Abstract: Project risks encompass both internal and external factors that are interrelated, influencing others in a causal way. It is very important to identify those factors and their causal relationships to reduce the project risk. In the past, most IT companies evaluate project risk by roughly measuring the related factors, but ignoring the important fact that there are complicated causal relationships among them. There is a strong need to develop more effective mechanisms to systematically judge all factors related to project risk and identify the causal relationships among those factors. To accomplish this research objective, our study adopts a cognitive map (CM)-based mechanism called the MACOM (Multi-Agents COgnitive Map), where CM is represented by a set of multi-agents, each embedded with basic intelligence to determine its causal relationships with other agents. CM has proven especially useful in solving unstructured problems with many variables and causal relationships; however, simply applying CM to project risk management is not enough because most causal relationships are hard to identify and measure exactly. To overcome this problem, we have borrowed a multi-agent metaphor in which CM is represented by a set of multi-agents, and project risk is explained through the interaction of the multi-agents. Such an approach presents a new computational capability for resolving complicated decision problems. Using the MACOM framework, we have proved that the task of resolving the IS project risk management could be systematically and intelligently solved, and in this way, IS project managers can be given robust decision support.
12Li, M. ; Li, H. ; Zhou, Z.-H.: Semi-supervised document retrieval.
In: Information processing and management. 45(2009) no.3, S.341-355.
Abstract: This paper proposes a new machine learning method for constructing ranking models in document retrieval. The method, which is referred to as SSRank, aims to use the advantages of both the traditional Information Retrieval (IR) methods and the supervised learning methods for IR proposed recently. The advantages include the use of limited amount of labeled data and rich model representation. To do so, the method adopts a semi-supervised learning framework in ranking model construction. Specifically, given a small number of labeled documents with respect to some queries, the method effectively labels the unlabeled documents for the queries. It then uses all the labeled data to train a machine learning model (in our case, Neural Network). In the data labeling, the method also makes use of a traditional IR model (in our case, BM25). A stopping criterion based on machine learning theory is given for the data labeling process. Experimental results on three benchmark datasets and one web search dataset indicate that SSRank consistently and almost always significantly outperforms the baseline methods (unsupervised and supervised learning methods), given the same amount of labeled data. This is because SSRank can effectively leverage the use of unlabeled data in learning.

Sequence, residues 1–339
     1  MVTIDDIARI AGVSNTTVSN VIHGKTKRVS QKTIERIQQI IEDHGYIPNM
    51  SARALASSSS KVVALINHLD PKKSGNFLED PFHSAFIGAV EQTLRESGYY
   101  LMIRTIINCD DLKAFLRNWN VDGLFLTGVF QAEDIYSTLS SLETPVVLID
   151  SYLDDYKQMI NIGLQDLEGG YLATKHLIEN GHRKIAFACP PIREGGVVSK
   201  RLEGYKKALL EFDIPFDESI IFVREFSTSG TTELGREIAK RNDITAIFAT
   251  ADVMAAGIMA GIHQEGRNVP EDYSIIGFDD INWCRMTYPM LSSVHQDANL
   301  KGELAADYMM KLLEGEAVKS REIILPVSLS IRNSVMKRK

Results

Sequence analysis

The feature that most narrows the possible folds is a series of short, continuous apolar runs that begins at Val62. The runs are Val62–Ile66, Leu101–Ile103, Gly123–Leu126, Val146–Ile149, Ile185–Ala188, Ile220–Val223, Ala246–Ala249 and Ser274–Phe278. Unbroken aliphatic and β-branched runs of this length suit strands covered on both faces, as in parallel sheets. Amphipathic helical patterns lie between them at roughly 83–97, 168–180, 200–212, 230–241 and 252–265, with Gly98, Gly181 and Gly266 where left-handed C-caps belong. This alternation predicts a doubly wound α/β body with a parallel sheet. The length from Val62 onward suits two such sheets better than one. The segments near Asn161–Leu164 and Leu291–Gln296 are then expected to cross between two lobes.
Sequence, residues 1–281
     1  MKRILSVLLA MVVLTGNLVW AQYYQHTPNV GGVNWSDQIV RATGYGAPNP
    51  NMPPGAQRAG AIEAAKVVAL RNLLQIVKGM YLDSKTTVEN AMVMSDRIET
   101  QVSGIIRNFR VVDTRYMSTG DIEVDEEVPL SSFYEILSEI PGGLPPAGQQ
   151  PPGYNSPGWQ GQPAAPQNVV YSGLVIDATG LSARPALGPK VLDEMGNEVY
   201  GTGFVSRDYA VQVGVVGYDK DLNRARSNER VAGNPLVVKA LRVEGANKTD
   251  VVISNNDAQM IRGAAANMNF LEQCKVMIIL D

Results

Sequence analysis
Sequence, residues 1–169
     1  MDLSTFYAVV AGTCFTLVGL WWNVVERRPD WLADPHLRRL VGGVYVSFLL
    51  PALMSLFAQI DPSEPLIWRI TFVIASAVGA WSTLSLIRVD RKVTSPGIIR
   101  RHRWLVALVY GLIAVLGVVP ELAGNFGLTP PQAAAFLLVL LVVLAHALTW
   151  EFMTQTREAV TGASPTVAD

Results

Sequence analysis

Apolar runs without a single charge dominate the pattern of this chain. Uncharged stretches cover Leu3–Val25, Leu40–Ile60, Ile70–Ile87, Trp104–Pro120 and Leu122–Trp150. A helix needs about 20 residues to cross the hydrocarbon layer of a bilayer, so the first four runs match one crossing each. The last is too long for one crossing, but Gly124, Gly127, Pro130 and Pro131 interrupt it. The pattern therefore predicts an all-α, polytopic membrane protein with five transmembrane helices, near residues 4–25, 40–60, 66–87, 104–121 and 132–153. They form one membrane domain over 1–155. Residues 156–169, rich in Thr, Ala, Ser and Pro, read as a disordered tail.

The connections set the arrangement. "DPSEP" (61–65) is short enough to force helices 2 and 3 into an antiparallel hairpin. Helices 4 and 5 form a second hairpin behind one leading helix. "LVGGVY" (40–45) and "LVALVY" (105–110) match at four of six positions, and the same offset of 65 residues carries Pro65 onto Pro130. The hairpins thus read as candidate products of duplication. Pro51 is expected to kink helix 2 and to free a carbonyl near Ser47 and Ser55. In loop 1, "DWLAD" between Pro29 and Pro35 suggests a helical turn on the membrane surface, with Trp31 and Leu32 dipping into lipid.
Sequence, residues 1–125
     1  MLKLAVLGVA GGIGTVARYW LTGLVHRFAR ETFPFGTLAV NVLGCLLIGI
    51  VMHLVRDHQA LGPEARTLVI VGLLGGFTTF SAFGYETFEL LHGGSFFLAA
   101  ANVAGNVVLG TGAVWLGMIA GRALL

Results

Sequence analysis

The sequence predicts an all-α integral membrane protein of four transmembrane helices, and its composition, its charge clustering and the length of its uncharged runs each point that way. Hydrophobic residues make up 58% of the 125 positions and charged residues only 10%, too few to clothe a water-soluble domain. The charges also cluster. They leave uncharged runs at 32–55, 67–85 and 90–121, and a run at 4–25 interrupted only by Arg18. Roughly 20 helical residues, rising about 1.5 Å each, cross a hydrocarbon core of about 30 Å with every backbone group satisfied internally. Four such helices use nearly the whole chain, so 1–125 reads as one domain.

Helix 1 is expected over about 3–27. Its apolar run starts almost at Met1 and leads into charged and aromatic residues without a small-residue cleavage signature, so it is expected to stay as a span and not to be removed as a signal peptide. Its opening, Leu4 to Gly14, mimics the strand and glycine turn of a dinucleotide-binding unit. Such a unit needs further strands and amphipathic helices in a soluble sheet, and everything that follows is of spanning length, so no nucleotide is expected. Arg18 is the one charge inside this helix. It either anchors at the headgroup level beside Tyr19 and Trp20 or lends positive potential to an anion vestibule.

13Kuo, J.-S. ; Li, H. ; Yang, Y.-K.: Active learning for constructing transliteration lexicons from the Web.
In: Journal of the American Society for Information Science and Technology. 59(2008) no.1, S.126-135.
Abstract: This article presents an adaptive learning framework for Phonetic Similarity Modeling (PSM) that supports the automatic construction of transliteration lexicons. The learning algorithm starts with minimum prior knowledge about machine transliteration and acquires knowledge iteratively from the Web. We study the unsupervised learning and the active learning strategies that minimize human supervision in terms of data labeling. The learning process refines the PSM and constructs a transliteration lexicon at the same time. We evaluate the proposed PSM and its learning algorithm through a series of systematic experiments, which show that the proposed framework is reliably effective on two independent databases.
14Nicholas, D. ; Huntington, P. ; Jamali, H.R. ; Rowlands, I. ; Dobrowolski, T. ; Tenopir, C.: Viewing and reading behaviour in a virtual environment : the full-text download and what can be read into it.
In: Aslib proceedings. 60(2008) no.3, S.185-198.
Abstract: Purpose - This article aims to focus on usage data in respect to full-text downloads of journal articles, which is considered an important usage (satisfaction) metric by librarians and publishers. The purpose is to evaluate the evidence regarding full-text viewing by pooling together data on the full-text viewing of tens of thousands of users studied as part of a number of investigations of e-journal databases conducted during the Virtual Scholar research programme. Design/methodology/approach - The paper reviews the web logs of a number of electronic journal libraries including OhioLINK and ScienceDirect using Deep Log Analysis, which is a more sophisticated form of transactional log analysis. The frequency, characteristics and diversity of full-text viewing are examined. The article also features an investigation into the time spent online viewing full-text articles in order to get a clearer understanding of the significance of full-text viewing, especially in regard to reading. Findings - The main findings are that there is a great deal of variety amongst scholars in their full-text viewing habits and that a large proportion of views are very cursory in nature, although there is survey evidence to suggest that reading goes on offline. Originality/value - This is the first time that full-text viewing evidence is studied on such a large scale.